Sunday, 5 October 2008: 10:30 AM
George R. Brown Convention Center, 320ABC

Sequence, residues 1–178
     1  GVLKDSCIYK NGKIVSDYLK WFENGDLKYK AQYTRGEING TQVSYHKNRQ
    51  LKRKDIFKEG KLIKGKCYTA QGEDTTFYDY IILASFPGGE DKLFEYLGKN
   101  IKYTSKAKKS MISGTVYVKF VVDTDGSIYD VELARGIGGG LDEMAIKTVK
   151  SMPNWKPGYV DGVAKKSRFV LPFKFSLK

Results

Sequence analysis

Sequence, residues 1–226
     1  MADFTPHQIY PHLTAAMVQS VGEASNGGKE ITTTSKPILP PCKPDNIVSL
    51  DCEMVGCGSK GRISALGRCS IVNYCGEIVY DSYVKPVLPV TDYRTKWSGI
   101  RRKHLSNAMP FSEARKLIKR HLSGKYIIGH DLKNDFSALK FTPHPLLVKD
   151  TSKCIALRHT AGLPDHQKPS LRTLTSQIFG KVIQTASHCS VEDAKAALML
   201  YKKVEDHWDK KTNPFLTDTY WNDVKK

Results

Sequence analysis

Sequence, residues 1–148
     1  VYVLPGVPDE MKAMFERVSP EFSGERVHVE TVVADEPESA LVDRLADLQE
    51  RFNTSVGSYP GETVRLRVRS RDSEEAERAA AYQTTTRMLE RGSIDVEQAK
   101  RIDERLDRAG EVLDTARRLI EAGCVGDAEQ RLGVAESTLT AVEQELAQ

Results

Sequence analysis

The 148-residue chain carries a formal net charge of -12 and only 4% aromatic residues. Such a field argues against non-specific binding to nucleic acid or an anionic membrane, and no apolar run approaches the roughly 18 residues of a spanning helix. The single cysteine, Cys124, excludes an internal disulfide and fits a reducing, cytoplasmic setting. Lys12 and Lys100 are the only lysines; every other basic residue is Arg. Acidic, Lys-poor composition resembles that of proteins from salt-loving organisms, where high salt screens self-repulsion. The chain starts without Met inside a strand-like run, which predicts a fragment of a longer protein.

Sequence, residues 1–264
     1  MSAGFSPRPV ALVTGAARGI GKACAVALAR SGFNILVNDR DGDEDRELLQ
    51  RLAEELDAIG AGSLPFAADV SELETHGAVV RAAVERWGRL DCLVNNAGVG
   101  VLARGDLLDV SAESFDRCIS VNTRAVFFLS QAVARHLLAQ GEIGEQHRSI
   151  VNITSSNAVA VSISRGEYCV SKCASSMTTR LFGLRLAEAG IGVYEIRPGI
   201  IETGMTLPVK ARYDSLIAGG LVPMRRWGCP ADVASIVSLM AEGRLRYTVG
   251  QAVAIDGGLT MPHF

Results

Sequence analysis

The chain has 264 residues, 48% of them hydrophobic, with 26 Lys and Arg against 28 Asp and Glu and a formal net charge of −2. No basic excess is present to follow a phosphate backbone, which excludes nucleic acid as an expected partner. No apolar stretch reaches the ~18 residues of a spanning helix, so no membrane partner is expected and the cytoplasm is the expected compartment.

Manganese oxide crusts ~1 cm thick were found in Spring Branch, located 35 miles north of Chattanooga, Tn. Surface mining of coal occurred in the Spring Branch watershed from 1985 to 1997. Mine drainage was treated in a pond that discharged to Spring Branch from an adjacent 564 acre mine. Manganese oxide crusts developed in the stream channel below the pond outfall. In order to better understand how these and other banded manganese oxide crusts form and interact with aqueous environments, the mineralogy and chemistry of these stream deposits were investigated using reflected light microscopy, powder X-ray diffraction, and scanning electron microscopy. A series of light and dark bands is repeated 5-6 times within the manganese oxide crusts. Light-colored bands contain coarse-grained radial calcite crystals, and grade into a darker, rust-colored mix of calcite, clay minerals, and manganese oxide. Thin (>100 micrometers) distinct dark bands consist of a calcium-rich buserite phase. Imprints of elongate diatom frustules ~10 to15 micrometers long and 2 to 3 micrometers wide are visible only in these thin manganese oxide-rich layers. Water samples were obtained from pond effluent and at a location downstream of the manganese oxide crusts. The pH of the pond effluent was near neutral (7.7), and the pH of the stream water remained constant from the pond to the mouth of the stream. These data suggest that precipitation of manganese oxides was not due to changes in pH. However, the dissolved manganese concentration in the stream water increased downstream from 560 to 3170 micrograms/liter suggesting that the stream water is a mix of mine drainage water with a lower manganese concentration and groundwater with higher manganese. Alternating calcite-rich and manganese-oxide/diatom-rich layers within the crust may be produced by annual or seasonal cycles in water temperature, rainfall, oxidation state, or microbial activity.